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September 26, 2011

Curated by Héloise Park at the Aram Gallery, the Geenen & Hoon exhibition brings together two young furniture makers who approach design through structure—but from opposite ends of the nature-nurture spectrum. It is a good-looking show filled with the artifacts capable of depicting the design process succinctly: sketches, models, maquettes, prototypes and even machine-like molds.

“I’m not just making up shapes. I’m letting the shapes be defined by natural forces,” explains Bram Geenen, a graduate of Utrecht’s HKU who is now based in Amsterdam. Geenen often works in collaboration with tech companies and begins by repurposing their cutting-edge production techniques or materials, but winds up with organic forms derived from physics and the properties of his materials and “better, stronger, lighter, more sustainable products,” he says. “Today any shape you can imagine, you can build. It forces me to be very careful and honest in choosing my forms.”

London-based Il Hoon Roh, trained at the Architectural Association and as a product designer at the Royal College of Art, works from the point-of-view of nature and ends up with extraordinary machines that produce elastically oozing forms. His table on show has aesthetic qualities but its form actually illustrates how forces flow from the table top to the ground, he says. “The forms of nature are not accidental at all. The organic beauty is there for a reason.”

The show was filled with artifacts detailing the design process of both men.
The show was filled with artifacts detailing the design process of both men.
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Models for chairs by Bram Geenen.
Models for chairs by Bram Geenen.
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A mock-up of a stool by Geenen.
A mock-up of a stool by Geenen.
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Components and experiments that would eventually become Il Hoon’s pendant lamp.
Components and experiments that would eventually become Il Hoon’s pendant lamp.
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By pulling a vertical bar at the center of Il Hoon’s lamp, the user can alter the direction of the light to make it more diffuse or directed.
By pulling a vertical bar at the center of Il Hoon’s lamp, the user can alter the direction of the light to make it more diffuse or directed.
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A coffee table designed by Il Hoon beside the machine-like mold used to create its elastic forms.
A coffee table designed by Il Hoon beside the machine-like mold used to create its elastic forms.
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Here's a detail of the form used to shape the oozing top and legs of Il Hoon’s coffee table. The shape of the table actually illustrates the nature of the forces acting on its surfaces.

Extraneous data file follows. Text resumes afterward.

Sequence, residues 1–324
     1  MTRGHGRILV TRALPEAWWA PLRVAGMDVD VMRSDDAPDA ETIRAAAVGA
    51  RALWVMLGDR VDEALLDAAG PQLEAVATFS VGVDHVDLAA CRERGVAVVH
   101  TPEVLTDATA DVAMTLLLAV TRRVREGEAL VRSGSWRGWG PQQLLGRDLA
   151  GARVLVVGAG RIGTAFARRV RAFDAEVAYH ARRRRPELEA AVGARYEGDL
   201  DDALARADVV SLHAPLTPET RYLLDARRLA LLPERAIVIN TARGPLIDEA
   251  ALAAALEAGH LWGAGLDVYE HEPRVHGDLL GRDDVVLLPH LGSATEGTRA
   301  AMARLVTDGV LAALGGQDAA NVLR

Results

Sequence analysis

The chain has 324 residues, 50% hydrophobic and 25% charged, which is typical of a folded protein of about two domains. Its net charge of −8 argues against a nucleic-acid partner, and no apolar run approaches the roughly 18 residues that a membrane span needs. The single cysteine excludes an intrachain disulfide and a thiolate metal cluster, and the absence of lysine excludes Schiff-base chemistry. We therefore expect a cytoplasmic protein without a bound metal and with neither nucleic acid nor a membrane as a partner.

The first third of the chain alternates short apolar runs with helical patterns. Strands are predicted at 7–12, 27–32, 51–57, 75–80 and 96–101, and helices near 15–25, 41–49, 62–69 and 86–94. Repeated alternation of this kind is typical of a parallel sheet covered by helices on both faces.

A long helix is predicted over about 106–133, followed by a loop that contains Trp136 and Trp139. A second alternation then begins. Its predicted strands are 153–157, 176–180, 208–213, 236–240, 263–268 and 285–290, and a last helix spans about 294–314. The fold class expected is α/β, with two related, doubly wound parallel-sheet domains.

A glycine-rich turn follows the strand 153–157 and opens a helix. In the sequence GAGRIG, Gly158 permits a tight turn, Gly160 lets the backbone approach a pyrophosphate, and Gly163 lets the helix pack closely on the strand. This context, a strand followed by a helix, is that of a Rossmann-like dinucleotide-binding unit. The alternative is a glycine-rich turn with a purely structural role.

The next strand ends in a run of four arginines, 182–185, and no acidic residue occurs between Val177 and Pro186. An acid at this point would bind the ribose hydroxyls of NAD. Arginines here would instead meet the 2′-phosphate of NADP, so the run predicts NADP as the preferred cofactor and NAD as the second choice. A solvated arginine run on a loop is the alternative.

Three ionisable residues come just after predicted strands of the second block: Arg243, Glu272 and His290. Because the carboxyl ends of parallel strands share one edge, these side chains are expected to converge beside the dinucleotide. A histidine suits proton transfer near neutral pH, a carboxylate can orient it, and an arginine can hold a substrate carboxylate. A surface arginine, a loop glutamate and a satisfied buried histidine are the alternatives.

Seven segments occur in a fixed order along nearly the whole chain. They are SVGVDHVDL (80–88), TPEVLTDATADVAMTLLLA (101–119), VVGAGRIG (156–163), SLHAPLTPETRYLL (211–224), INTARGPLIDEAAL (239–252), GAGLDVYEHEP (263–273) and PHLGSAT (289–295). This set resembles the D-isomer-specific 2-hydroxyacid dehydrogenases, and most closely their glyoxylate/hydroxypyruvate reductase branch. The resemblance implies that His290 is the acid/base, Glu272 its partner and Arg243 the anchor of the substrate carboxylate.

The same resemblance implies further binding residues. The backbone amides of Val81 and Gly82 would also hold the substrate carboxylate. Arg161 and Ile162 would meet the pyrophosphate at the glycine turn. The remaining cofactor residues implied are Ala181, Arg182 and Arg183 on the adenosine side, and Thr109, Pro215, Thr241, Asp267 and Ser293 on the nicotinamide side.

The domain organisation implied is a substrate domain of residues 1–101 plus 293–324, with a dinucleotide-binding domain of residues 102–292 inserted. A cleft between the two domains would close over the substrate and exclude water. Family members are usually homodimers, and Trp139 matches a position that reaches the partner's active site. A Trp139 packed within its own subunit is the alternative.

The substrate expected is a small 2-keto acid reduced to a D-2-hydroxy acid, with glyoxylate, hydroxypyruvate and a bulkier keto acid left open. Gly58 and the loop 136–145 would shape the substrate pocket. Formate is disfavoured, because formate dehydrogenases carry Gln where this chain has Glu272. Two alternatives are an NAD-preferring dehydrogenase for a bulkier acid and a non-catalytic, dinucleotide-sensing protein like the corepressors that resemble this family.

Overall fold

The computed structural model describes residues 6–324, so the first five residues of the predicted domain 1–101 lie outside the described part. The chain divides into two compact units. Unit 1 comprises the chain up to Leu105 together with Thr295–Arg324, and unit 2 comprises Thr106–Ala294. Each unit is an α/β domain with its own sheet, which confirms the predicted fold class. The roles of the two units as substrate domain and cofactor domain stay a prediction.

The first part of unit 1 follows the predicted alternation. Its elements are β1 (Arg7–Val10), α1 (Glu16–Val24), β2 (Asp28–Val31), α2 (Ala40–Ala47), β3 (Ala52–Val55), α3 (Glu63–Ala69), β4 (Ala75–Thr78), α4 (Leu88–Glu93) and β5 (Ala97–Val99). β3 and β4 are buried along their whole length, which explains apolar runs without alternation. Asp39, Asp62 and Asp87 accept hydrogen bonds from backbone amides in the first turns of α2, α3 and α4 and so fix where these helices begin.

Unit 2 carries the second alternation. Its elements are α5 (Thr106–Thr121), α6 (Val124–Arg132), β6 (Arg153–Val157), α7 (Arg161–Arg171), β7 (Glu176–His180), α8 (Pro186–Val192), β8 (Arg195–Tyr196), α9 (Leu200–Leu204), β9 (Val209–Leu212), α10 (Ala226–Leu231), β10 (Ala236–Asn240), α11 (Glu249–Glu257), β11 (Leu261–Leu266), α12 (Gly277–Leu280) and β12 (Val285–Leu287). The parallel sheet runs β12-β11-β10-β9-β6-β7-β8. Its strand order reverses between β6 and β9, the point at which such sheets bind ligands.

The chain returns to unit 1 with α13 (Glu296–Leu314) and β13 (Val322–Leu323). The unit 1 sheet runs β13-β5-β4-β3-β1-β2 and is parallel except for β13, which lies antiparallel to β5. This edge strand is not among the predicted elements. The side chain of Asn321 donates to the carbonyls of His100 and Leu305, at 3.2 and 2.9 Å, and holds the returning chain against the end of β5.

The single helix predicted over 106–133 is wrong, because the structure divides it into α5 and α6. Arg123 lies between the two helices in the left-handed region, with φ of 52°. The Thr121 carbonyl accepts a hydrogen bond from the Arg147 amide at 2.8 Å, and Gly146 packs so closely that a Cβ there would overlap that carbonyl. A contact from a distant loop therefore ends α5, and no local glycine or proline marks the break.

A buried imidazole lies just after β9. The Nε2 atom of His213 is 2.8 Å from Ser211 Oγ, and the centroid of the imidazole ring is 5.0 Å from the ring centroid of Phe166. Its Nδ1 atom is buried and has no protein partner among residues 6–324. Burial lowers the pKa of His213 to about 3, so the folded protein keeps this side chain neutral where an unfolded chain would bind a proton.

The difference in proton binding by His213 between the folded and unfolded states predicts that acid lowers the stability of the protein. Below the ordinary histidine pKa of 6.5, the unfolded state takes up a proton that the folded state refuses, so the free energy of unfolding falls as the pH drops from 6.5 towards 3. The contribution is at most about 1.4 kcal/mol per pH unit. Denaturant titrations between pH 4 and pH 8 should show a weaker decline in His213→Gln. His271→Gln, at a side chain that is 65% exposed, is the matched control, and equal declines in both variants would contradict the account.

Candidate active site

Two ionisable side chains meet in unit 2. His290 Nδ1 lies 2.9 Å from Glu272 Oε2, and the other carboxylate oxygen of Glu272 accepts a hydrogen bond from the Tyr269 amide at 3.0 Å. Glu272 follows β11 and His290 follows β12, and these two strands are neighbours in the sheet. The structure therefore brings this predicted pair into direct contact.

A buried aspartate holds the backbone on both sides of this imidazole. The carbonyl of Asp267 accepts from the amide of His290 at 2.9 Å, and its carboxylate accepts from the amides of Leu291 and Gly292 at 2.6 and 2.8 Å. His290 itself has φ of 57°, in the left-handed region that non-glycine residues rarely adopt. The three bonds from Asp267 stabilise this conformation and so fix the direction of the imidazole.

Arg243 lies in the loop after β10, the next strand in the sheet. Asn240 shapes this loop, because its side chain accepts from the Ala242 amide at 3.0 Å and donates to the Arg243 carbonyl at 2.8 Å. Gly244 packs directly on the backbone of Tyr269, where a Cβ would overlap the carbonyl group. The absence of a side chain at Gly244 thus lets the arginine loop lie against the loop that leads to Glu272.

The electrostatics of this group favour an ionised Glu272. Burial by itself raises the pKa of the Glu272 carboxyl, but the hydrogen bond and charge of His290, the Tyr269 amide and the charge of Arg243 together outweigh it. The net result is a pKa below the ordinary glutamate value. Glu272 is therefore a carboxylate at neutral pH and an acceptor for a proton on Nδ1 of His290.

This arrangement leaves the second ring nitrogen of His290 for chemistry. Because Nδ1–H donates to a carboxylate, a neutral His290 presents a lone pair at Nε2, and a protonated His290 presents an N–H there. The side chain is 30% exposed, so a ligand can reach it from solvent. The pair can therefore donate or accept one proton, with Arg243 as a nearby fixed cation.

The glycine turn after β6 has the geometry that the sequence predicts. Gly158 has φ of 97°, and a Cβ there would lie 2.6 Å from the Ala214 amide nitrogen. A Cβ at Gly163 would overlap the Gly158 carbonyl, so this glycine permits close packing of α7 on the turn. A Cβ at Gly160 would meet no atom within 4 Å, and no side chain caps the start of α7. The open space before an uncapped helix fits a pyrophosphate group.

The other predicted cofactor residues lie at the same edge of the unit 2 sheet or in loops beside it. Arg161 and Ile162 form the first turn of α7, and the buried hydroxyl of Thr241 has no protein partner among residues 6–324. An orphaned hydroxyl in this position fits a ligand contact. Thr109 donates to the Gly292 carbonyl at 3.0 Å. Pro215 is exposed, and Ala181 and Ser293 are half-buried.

Here's a detail of the form used to shape the oozing top and legs of Il Hoon’s coffee table. The shape of the table actually illustrates the nature of the forces acting on its surfaces.
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More experiments into form and physics by Bram Geenen.
More experiments into form and physics by Bram Geenen.
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Geenen isn’t just “making up shapes.” He is choosing forms deliberately, and they often articulate the physics that is invisible to the naked eye.
Geenen isn’t just “making up shapes.” He is choosing forms deliberately, and they often articulate the physics that is invisible to the naked eye.
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Formal and material experiments, one of which was used to make a ceramic material both stronger and lighter.
Formal and material experiments, one of which was used to make a ceramic material both stronger and lighter.
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A small table by Hoon that allows visitors to see how the finished product was constructed from molded parts.
A small table by Hoon that allows visitors to see how the finished product was constructed from molded parts.
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In nature, form follows function naturally, which is Hoon’s preoccupation in the series of tabletops shown at the Aram Gallery.<br /><br /><p><em><strong>Don't miss a word of Dwell! Download our </strong></em><a href="http://itunes.apple.com/us/app/dwell/
In nature, form follows function naturally, which is Hoon’s preoccupation in the series of tabletops shown at the Aram Gallery.

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The show was filled with artifacts detailing the design process of both men.
The show was filled with artifacts detailing the design process of both men.

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